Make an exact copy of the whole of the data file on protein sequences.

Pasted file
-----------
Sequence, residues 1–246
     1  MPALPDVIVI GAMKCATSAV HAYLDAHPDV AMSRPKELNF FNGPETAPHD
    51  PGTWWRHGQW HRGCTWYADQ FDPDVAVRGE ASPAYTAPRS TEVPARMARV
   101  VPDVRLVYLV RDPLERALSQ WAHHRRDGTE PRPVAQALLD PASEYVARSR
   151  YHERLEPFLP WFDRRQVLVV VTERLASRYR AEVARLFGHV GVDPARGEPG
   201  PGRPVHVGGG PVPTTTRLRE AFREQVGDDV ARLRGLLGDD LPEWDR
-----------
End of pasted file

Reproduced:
Sequence, residues 1–246
     1  MPALPDVIVI GAMKCATSAV HAYLDAHPDV AMSRPKELNF FNGPETAPHD
    51  PGTWWRHGQW HRGCTWYADQ FDPDVAVRGE ASPAYTAPRS TEVPARMARV
   101  VPDVRLVYLV RDPLERALSQ WAHHRRDGTE PRPVAQALLD PASEYVARSR
   151  YHERLEPFLP WFDRRQVLVV VTERLASRYR AEVARLFGHV GVDPARGEPG
   201  PGRPVHVGGG PVPTTTRLRE AFREQVGDDV ARLRGLLGDD LPEWDR